I believe that Durham Needs a Living Wage

An economy that works is an economy that works for all.

Income inequality and poverty are on the rise.

  • The richest 5% of Durham County’s households have an average income that is 27 times greater than the poorest fifth of household.
  • Nearly one in five Durham residents lives in poverty.
  • Over half of the renters cannot afford fair market rent for a two-bedroom unit. 
    Find an economic snapshot of Durham here.

The North Carolina and federal wage minimum wage levels of $7.25/hour don’t let families earn enough to make ends meet.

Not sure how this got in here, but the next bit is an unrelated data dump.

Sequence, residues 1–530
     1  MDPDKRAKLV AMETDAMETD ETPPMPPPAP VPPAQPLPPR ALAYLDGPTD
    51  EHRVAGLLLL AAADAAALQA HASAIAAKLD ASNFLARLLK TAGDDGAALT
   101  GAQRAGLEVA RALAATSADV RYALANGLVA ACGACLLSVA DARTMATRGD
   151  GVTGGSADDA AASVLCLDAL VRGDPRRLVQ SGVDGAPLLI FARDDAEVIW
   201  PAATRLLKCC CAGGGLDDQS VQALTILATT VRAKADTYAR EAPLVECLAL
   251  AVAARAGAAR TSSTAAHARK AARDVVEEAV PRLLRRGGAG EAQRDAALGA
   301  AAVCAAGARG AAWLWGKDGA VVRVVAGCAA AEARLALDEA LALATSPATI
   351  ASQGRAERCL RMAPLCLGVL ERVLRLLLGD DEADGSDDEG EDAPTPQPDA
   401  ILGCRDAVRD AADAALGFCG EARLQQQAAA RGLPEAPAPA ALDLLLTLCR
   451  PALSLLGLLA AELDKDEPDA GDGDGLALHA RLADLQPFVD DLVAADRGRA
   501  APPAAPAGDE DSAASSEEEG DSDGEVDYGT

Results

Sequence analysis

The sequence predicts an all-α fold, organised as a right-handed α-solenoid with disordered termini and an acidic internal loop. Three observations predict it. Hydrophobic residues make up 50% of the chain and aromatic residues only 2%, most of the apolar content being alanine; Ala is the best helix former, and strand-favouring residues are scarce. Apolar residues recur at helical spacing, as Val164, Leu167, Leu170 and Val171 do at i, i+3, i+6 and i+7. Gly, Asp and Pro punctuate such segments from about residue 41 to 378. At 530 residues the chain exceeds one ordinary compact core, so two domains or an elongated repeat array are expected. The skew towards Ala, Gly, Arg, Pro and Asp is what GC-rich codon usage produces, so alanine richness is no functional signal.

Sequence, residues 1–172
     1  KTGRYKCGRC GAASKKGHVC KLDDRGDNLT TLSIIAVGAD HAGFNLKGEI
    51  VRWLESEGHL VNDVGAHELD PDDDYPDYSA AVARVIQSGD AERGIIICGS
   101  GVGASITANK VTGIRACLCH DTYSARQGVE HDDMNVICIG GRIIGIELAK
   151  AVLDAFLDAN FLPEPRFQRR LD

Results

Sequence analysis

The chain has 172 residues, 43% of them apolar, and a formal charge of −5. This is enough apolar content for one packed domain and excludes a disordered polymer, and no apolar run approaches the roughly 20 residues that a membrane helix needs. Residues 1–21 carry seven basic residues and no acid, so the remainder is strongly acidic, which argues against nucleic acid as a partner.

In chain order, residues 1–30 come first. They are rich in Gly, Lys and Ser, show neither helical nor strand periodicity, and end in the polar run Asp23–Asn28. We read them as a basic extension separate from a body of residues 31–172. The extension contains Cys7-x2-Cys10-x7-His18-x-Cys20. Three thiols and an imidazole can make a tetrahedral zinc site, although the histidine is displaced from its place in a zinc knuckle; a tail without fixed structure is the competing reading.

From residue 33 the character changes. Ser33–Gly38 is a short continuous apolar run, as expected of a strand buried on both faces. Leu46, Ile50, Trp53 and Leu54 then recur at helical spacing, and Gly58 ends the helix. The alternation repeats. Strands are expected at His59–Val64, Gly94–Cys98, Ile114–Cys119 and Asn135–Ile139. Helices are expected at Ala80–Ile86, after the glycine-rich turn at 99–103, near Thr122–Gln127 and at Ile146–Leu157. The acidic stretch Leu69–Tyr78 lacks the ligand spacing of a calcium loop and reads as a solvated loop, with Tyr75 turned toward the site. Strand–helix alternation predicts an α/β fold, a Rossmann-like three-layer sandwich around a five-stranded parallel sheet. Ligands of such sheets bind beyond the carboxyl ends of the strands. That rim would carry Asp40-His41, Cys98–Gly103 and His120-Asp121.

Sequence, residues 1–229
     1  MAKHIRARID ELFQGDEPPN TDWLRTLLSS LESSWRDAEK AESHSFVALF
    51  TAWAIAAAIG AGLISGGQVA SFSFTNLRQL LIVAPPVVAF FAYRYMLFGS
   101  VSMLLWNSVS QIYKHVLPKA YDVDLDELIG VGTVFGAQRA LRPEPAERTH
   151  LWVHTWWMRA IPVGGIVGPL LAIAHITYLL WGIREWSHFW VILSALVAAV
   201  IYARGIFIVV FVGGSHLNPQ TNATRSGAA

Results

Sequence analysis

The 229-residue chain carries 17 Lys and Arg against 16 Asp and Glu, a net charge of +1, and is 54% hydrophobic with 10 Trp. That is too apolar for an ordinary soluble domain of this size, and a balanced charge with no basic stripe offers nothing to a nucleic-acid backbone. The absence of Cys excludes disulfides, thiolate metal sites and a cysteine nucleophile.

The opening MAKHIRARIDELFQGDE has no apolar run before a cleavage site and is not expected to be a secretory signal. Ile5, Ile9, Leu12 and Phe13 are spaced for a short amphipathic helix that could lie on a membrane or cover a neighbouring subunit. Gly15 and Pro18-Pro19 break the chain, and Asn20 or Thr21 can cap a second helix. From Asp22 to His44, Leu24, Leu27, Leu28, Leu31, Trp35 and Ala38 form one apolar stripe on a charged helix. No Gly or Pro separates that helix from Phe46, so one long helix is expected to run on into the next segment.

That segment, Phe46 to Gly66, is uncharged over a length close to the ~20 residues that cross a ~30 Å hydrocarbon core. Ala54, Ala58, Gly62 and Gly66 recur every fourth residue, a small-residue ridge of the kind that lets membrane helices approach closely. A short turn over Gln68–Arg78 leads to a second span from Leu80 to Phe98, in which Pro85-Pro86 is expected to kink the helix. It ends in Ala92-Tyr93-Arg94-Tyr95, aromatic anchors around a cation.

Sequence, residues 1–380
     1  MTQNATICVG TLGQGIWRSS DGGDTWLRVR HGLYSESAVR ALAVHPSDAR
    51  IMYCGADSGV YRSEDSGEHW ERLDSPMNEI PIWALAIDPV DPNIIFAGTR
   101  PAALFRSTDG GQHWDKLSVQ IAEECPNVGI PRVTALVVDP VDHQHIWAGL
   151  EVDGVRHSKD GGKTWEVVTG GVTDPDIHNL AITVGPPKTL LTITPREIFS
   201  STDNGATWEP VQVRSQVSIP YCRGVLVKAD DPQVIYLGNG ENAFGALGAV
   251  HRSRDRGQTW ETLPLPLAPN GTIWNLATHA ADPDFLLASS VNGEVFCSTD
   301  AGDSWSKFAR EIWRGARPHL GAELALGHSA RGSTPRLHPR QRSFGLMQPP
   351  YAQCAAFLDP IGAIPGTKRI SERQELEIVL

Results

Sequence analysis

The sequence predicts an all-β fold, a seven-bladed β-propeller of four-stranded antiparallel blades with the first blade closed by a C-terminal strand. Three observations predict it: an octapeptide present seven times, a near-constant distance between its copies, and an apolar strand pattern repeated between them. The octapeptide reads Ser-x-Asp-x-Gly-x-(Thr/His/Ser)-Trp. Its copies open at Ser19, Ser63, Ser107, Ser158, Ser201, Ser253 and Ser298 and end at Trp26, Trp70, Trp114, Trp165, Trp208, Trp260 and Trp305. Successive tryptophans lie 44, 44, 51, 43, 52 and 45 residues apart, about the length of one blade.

When workers don’t make enough to make ends meet, families, communities and the economy suffer.

  • Low-income earners tend to spend a larger proportion of earnings in the local economy, providing a stimulus effect.
  • The estimated GDP impact of a minimum wage increase to $10.10, for example, would be approximately $1.3 billion in North Carolina.

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